SHOWING — Ian Plum (center) is helped by friend Luis Magdaleno to display the Duroc cross pig he will be showing in the HTOWN Virtual Livestock Expo. Members of the Healdsburg FFA chapter and from several local 4-H clubs will submit video entries of themselves handling and showing their animals, going through the same paces they would do at a “live” exhibition.

Along with missed senior proms and canceled Class of 2020 high school graduations, Healdsburg, Windsor and Geyserville FFA and 4-H members also will be missing the annual youth livestock judging and auctions at the Healdsburg Future Farmers Country Fair (HFFCF) and the August Sonoma County Fair.

Instead, the Future Farmers of America (FFA) chapter at Healdsburg High School is hosting HTOWN Virtual Livestock Expo later this month. Instead of the white-garbed 4-H members and the blue-jacketed FFA youth parading in the show ring in front of hundreds of family and friends at Healdsburg’s Rec Park, they will have just an audience of five judges who will watch submitted videos online from their locations in Kansas, Oklahoma and Ohio.

“Of course nothing can replace the real thing,” said Wesley Hunt, Healdsburg’s FFA chapter advisor. “We wanted the students to have some recognition of their work with their animals. We had lots of interest from the parents and our Ag Boosters to do this.”

The expo also has attracted business sponsors that usually support the live judging and auction at each year’s Future Farmers Fair. Main sponsors are Plum Electric, Brandt Insurance, Fat Boy Enterprises and Alpha Fire Suppression. Other businesses and individuals have donated funds to provide prize belt buckles, trophies and ribbons. “Our aim is to provide an avenue for the youth to showcase their skills raising, fitting and showing their market animals with a competitive and positive attitude,” said Hunt.

Participation looks very good said Hunt and the youth are making videos of themselves this week at various locations, staging their animal showmanship, exhibiting their animals and making it as real as possible. Entries will include rabbits, beef, swine, sheep and goats and will be for market animals only, not breeders. Video entries are due May 15.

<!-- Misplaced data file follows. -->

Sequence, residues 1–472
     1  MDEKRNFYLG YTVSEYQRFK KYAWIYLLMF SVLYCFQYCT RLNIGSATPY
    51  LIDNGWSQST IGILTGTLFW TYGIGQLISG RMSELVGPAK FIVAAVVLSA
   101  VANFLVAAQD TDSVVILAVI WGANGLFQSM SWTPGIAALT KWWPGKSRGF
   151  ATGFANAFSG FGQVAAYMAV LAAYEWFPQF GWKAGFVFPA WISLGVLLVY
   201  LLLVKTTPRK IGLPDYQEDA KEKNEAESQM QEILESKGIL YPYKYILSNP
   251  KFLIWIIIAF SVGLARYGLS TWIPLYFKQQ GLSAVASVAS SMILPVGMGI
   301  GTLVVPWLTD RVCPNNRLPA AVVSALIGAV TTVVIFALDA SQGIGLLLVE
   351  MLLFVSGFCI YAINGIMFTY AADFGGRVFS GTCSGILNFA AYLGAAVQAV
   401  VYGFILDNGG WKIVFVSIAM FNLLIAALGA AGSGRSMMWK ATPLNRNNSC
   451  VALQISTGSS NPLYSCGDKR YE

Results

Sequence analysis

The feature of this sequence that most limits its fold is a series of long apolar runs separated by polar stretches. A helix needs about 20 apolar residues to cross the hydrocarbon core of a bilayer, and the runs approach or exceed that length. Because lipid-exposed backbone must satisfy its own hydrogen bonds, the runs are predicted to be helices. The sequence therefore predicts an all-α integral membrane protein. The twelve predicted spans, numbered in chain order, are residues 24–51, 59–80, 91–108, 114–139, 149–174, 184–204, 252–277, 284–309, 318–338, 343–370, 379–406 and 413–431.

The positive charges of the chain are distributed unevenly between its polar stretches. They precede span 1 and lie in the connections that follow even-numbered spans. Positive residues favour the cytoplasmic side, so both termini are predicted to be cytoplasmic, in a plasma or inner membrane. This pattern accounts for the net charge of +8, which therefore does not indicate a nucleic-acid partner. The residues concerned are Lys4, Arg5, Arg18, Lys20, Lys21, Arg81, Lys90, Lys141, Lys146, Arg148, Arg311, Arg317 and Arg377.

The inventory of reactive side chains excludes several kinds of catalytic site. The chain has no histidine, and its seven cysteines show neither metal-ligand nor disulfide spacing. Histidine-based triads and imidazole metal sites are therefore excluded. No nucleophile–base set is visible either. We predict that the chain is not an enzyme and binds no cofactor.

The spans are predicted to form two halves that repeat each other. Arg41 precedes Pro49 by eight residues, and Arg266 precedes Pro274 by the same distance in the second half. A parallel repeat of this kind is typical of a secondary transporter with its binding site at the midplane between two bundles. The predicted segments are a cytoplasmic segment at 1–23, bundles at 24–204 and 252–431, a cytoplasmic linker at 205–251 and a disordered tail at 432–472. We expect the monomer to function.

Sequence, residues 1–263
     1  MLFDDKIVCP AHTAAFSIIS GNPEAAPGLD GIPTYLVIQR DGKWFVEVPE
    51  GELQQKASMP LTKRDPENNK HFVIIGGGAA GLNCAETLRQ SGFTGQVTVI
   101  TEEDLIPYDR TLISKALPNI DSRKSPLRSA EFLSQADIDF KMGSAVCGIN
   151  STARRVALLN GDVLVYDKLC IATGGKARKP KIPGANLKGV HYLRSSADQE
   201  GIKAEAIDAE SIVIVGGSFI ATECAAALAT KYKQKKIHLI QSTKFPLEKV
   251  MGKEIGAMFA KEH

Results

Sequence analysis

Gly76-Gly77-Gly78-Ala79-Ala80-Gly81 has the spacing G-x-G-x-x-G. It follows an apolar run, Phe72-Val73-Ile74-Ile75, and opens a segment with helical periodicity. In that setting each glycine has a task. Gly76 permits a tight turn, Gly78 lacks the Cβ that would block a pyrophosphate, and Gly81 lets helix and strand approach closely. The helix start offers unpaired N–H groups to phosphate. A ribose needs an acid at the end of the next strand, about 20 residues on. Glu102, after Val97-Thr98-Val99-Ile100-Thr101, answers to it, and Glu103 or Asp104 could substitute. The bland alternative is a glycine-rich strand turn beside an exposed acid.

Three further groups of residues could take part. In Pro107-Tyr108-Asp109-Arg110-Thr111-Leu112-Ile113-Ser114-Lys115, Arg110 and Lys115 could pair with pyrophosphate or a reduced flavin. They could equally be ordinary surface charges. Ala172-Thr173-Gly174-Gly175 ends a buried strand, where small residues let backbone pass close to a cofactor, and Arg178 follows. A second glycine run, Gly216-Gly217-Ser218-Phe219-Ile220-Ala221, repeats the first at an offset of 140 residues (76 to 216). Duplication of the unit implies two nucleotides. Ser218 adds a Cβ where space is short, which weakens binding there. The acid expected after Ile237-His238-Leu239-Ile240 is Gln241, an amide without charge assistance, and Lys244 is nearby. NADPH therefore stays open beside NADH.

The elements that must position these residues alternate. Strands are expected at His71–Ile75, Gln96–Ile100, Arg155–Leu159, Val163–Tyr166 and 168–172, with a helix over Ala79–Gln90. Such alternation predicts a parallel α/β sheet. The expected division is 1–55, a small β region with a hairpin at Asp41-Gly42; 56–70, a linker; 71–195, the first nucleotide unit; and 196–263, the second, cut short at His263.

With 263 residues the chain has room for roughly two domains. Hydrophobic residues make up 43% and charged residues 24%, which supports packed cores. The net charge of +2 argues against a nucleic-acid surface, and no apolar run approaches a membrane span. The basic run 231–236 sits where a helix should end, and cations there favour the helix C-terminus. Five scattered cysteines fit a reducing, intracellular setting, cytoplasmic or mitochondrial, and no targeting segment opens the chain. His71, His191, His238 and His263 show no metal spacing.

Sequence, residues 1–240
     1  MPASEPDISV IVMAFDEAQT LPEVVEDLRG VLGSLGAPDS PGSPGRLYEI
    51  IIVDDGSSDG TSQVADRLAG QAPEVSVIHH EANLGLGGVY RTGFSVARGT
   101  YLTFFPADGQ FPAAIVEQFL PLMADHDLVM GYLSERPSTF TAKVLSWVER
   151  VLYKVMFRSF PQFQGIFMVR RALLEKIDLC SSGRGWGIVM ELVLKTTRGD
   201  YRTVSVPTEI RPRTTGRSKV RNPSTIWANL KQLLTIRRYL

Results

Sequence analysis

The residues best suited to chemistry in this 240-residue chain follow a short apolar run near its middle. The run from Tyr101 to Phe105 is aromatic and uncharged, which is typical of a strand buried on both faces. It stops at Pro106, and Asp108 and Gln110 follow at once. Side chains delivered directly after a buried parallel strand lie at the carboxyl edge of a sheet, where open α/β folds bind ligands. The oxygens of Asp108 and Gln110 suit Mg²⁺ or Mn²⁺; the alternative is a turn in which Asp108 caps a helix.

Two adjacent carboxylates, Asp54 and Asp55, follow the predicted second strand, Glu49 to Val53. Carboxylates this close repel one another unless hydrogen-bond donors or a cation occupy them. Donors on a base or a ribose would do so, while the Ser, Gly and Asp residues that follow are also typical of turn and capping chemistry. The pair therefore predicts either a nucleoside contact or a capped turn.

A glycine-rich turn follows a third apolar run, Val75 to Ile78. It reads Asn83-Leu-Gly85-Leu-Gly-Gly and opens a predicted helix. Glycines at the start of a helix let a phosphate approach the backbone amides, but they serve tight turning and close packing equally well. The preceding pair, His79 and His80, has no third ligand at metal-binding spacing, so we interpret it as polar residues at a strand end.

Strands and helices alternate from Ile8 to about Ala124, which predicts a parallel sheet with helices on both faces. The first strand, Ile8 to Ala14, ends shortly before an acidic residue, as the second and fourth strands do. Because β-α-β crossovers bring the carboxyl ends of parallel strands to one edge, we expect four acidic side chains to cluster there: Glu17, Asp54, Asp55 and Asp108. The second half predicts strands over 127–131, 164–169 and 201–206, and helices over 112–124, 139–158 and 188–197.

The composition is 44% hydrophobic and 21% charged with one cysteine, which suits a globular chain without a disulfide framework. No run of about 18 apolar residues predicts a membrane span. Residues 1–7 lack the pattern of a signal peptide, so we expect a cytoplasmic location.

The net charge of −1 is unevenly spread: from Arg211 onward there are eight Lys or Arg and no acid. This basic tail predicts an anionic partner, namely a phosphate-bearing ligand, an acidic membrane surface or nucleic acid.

Many of the youth exhibitors are high school seniors who plan to attend college later this year. But, the COVID-19 pandemic has put the start to these college careers on hold as well. Most colleges have not announced fall semester plans for which classes may be held on campus or replaced by computer-based distance learning sessions.

Ian Plum is making his video this week at a Napa county location where his swine broker Ernest Donahue has a show ring. “I’ll be in my official whites and do the best I can.”

Plum is also a member of the Lytton Springs 4-H Club. He’s been raising three Duroc cross pigs since January and plans to show one in the HTown Expo and auction two of them at the May 22 HFFCF virtual auction. The two virtual events are not affiliated, but many local youth are participating in both. Plum is a HHS senior and plans to attend Chico State this fall and begin studies in agricultural science and education with plans to be an ag teacher one day.

“We’ll see. My plans could change,” he said. Plum and his friend Luis Magdaleno showed off his well-fed pig to visitors recently, explaining how he hopes the video taping will go. “I think it will be fine. My pigs handle pretty well.”

Plum and Magdaleno recently participated in the Western Bonnaza Show at Paso Robles where Plum’s animal won fifth place in the large exhibition just before the statewide shelter-in-place was evoked.

Brileigh Blosser, another HHS senior completed her video entry in Monday’s rain at Jim Neumiller’s barn. She is showing two market lambs she has been raising since February. As she was preparing for her video session she said she wants to be able to react to any “spontaneous moves” by her sheep, which are notoriously skittish in a show ring.

“I need to show that I can control my animal while I show off their best qualities,” Blosser said.

 Blosser plans to attend Sonoma State University next semester, although the school has not announced attendance plans as yet.

Advisor Hunt has recruited five livestock judges from outside California. In-state judges are not allowed. As it turns out, virtual livestock judging and auctions are not uncommon and have been employed for years for commercial auctions. “It saves lots of travel when you think about it,” said Plum, who has traveled as far as Phoenix to purchase swine in the past.

Banner, buckle and cash awards will be announced May 19 at the website htownexpo.weebly.com.

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